Eric Sprott certainly has good timing. The news that the investment firm that bears his name, Sprott Asset Management, is planning to go public with a $200-million offering comes at a time when Mr. Sprott is in fine form, winning accolades for the returns he has delivered to investors over the years.
Those returns are stunning when compared to the benchmark index or his Canadian peers: His Sprott Canadian equity fund has returned an average of 28 per cent a year over the past 10 years, putting it top of its class. But the returns are downright eye-popping from an international perspective because of the truly vast number of funds he is up against in the rankings.
According to Morningstar Canada, the Sprott Canadian equity fund ranks No. 36 among 105,000 equity funds around the world, in its 10-year performance. What makes the ranking even more impressive, if you're still shrugging your shoulders, is that most of the funds above his are specific funds that have targeted exceptionally hot areas of the market, such as emerging markets.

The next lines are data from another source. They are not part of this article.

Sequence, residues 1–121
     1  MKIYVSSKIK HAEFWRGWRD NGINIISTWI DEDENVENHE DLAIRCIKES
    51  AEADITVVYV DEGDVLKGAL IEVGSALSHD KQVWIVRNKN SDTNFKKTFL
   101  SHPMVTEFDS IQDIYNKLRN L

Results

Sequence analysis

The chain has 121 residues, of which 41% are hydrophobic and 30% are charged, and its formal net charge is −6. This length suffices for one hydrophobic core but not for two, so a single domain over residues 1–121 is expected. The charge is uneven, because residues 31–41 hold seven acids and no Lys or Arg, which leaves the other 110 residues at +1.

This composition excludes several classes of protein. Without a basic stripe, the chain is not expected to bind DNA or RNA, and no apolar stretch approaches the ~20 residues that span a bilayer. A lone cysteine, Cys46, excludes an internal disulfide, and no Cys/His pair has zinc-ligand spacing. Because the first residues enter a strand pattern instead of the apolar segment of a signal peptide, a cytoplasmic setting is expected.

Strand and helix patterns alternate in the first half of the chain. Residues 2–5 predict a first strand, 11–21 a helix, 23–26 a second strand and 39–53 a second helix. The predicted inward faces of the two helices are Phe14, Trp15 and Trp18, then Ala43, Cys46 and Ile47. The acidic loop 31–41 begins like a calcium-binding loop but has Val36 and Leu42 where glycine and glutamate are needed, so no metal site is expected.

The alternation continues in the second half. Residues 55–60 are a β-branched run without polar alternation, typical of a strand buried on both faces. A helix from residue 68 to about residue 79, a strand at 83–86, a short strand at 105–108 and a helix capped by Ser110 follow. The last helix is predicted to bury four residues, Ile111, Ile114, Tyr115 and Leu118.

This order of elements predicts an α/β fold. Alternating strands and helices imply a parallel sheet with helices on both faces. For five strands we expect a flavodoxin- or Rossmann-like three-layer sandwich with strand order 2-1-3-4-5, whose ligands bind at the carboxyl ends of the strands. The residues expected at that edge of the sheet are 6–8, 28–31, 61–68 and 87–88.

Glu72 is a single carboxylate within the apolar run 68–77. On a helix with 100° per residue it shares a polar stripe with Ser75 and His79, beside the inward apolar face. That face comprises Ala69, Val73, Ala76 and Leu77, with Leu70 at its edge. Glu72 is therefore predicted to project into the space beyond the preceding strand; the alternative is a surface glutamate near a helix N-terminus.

Mr. Sprott himself has often been criticized for taking a far too narrow approach to investing. In his case, he has focused his assets on specific sectors - most recently resources.
However, what makes him stand out among his global peers is that his mandate is not narrow: He chooses to invest in resources because he sees the greatest source of returns there. He is not beholden to them.
Global infatuation with emerging markets or resources may come and go, just as the infatuation with technology stocks came and went nearly a decade ago. Mutual fund investors who admire Mr. Sprott, and presumably equity investors who buy his firm's shares after the initial public offering, see a far more long-lasting quality.
That is, until Mr. Sprott retires or his flagship fund hits a soft patch. Mr. Sprott is 63; over the past three months (to the end of February) his fund is up 12.4 per cent.